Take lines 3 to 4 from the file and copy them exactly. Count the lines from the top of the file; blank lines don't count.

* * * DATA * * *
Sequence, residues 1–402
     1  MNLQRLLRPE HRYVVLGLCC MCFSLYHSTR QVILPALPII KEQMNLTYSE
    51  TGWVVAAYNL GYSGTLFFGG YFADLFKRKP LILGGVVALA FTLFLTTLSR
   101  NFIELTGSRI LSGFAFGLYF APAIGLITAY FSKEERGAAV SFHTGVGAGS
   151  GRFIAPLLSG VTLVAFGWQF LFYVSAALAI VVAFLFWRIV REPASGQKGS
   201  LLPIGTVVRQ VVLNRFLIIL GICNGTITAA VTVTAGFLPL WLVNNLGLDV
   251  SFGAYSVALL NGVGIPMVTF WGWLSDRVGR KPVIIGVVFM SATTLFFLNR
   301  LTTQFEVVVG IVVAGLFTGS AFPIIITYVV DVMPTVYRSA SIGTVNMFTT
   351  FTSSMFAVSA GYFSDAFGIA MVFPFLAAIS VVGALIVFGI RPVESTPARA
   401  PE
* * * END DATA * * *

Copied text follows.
    51  TGWVVAAYNL GYSGTLFFGG YFADLFKRKP LILGGVVALA FTLFLTTLSR
   101  NFIELTGSRI LSGFAFGLYF APAIGLITAY FSKEERGAAV SFHTGVGAGS